- …we can focus on formulating or SQL queries in a way that makes them easy for humans understand, and rely on the DBMS to make them run efficiently.

- σ
_{c₁}(σ_{c₂}R) = σ_{c₁ AND c₂}R

- π
_{p₁}(π_{p₂}R) = π_{p₁}R- Example:
- π
_{name}(π_{name,population}Countries) = π_{name}Countries

- π

- Example:
- Seems obvious.

- π
_{p₁}(π_{p₂}R) = π_{p₁}R - It only works if p₂ is a plain projection.
- Counter example:
- π
_{name,density}(π_{name,capital,population/area→density}Countries) ≠ π_{name,density}Countries

- π

- σ
_{c}(R₁ × R₂) = (σ_{c}R₁) × R₂- (if c only uses attributes from R₁)

- σ
_{c1 AND c2}(R₁ × R₂) = (σ_{c1}R₁) × (σ_{c2}R₂)- (if c1 & c2 only uses attributes from R₁ & R₂, respectively.)

- This can dramatically reduce the number of rows in the cartesian product!

- σ
_{c}(R₁ × R₂) = R₁ ⋈_{c}R₂ - If the join is using the primary keys,
- we can quickly find matching rows in R₁ and R₂.
- the resulting table will not have more rows than R₁ or R₂.

- A quick look at query execution and query optimization in action.
- Using data from the
Internet Movie Database (IMDb).
IMDB downloaded tables and sizes Name_Basic 9.8 million rows Title_Basics 6.4 million rows Title_Principals 37.2 million rows Title_Ratings 1.0 million rows - A subset of the data be downloaded from:
- SQL schemas for the IMDb data: movies.sql
- Example queries: examples.sql

- Query: Find movies and TV series in which Frida Hallgren has appeared.
- SQL query:
**SELECT**T**.**startYear**,**T**.**endYear**,**T**.**titleType**,**T**.**originalTitle**FROM**Title_Principals**AS**P**,**Name_basics**AS**N**,**Title_Basics**AS**T**WHERE**T**.**titleType**IN****(**'movie'**,**'tvSeries'**)****AND**N**.**primaryName**=**'Frida Hallgren'**AND**N**.**nconst**=**P**.**nconst**AND**T**.**tconst**=**P**.**tconst**;**- Note: the cartesian product in the FROM line is a table with 37e6*9.8e6*6.4e6 = 2.3e21 rows!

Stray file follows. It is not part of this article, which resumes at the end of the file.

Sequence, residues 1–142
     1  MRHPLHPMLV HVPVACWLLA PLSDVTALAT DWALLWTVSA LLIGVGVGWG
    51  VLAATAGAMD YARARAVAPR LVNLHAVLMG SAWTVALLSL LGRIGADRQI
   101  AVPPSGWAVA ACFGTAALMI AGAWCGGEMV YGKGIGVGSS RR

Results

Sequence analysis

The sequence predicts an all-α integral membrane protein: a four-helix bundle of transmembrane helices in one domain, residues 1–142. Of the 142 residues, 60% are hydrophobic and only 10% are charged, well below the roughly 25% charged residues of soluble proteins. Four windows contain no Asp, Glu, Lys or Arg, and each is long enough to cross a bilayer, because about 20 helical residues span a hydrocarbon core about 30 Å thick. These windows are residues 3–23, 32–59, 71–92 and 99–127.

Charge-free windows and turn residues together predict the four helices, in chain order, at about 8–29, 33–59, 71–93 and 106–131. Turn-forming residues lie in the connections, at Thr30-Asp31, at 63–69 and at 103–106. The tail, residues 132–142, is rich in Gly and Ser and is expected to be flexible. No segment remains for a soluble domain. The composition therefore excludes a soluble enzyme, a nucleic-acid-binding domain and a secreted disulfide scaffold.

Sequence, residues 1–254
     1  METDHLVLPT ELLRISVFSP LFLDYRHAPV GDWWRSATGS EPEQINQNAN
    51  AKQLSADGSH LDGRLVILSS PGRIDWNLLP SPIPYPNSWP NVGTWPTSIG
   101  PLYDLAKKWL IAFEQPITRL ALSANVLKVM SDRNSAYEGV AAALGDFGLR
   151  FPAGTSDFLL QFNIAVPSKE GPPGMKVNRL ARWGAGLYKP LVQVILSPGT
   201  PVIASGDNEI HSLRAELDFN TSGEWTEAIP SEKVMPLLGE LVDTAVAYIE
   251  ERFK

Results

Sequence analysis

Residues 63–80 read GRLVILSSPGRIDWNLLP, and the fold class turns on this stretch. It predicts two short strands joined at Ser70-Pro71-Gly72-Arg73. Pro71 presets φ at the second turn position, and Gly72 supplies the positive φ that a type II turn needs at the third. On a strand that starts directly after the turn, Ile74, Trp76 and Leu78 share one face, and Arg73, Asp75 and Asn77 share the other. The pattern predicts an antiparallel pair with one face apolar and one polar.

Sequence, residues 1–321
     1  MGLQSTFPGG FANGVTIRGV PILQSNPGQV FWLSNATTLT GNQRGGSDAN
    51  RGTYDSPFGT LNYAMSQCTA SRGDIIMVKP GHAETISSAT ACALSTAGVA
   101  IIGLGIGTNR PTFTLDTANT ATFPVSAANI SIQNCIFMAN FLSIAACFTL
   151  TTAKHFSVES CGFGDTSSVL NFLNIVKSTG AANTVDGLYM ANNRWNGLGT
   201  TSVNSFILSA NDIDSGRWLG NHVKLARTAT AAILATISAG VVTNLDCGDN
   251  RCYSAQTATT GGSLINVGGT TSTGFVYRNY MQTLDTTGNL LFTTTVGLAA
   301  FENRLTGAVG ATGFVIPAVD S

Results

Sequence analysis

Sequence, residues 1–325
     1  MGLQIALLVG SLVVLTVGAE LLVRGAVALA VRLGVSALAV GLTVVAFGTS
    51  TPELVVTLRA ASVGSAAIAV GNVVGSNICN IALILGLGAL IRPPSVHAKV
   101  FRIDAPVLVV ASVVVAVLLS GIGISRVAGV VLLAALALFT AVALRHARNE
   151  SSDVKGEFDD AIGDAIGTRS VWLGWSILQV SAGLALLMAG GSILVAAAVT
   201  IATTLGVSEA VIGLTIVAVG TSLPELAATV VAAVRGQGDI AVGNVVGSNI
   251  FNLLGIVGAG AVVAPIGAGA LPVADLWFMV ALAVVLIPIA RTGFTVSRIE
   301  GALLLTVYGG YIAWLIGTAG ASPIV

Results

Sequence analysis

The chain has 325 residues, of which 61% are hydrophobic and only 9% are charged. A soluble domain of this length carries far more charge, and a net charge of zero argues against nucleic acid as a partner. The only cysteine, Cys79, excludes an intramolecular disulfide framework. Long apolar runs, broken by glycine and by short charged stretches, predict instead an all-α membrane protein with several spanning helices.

- π
_{T.startYear, T.endYear, T.titleType, T.originalTitle}σ_{T.titleType IN ('movie', 'tvSeries') AND N.primaryName='Frida Hallgren' AND N.nconst=P.nconst AND T.tconst=P.tconst}(ρ P Title_Principals × ρ T Title_Basics × ρ N Name_Basics)

- π
_{T.startYear, T.endYear, T.titleType, T.originalTitle}σ_{T.titleType IN ('movie', 'tvSeries') AND N.primaryName='Frida Hallgren' AND N.nconst=P.nconst AND T.tconst=P.tconst}(P × N × T) - Leaving out the long table names. Pretend they are still there!

- π
_{T.startYear, T.endYear, T.titleType, T.originalTitle}σ_{N.nconst=P.nconst AND T.tconst=P.tconst}(P × σ_{primaryName='Frida Hallgren'}N × σ_{T.titleType IN ('movie', 'tvSeries')}T) - Pushing selections inside the cartesian product
- Table size now: 37e6 * 1 * 716610 = 2.66e13
- 88e6 times reduction!

- π
_{T.startYear, T.endYear, T.titleType, T.originalTitle}σ_{T.tconst=P.tconst}((P ⋈ σ_{primaryName='Frida Hallgren'}N) × σ_{t.titletype IN ('movie', 'tvSeries')}t) - The σ
_{primaryName}selects 1 of 9.8e6 names. - The condition N.nconst=P.nconst can be converted into a natural join.
- The join selects 60 of 37e6 rows from P.
- Without indexes, the above two steps would need to examine 9.8e6 + 37e6 = 47e6 table rows
- The × creates a table with 60 * 716610 = 43e6 rows

- π
_{T.startYear, T.endYear, T.titleType, T.originalTitle}((P ⋈ σ_{primaryname='Frida Hallgren'}N) ⋈ σ_{T.titleType IN ('movie', 'tvSeries')}T) - The second ⋈ is a join of subsets of
`P`and`T`, using`tconst`. `tconst`is (part of) the primary key in both`p`and`t`.- By using the indexes, the DBMS can create a physical query plan to do this efficiently.

- π
_{T.startYear, T.endYear, T.titleType, T.originalTitle}((P ⋈ σ_{primaryName='Frida Hallgren'}N) ⋈ σ_{T.titleType IN ('movie', 'tvSeries')}T) **WITH**Names**AS****(****SELECT*********FROM**Name_Basics**WHERE**primaryName**=**'Frida Hallgren'**)****,**Titles**AS****(****SELECT*********FROM**Title_Basics**WHERE**titleType**IN****(**'movie'**,**'tvSeries'**)****)****SELECT**startYear**,**endYear**,**titleType**,**originalTitle**FROM**Title_Principals**NATURAL****JOIN**Names**NATURAL****JOIN**Titles**;**

**SELECT**startYear**,**endYear**,**titleType**,**originalTitle**FROM**Title_Principals**NATURAL****JOIN**Name_Basics**NATURAL****JOIN**Title_Basics**WHERE**titletype**IN****(**'movie'**,**'tvSeries'**)****AND**primaryName**=**'Frida Hallgren'**;**

- See also Jonas Duregård's slides.
- What's next:
- Wednesday: Exercise: JSON
- Thursday: Lecture CANCELLED
- Monday: Lecture: Recap and exam preparation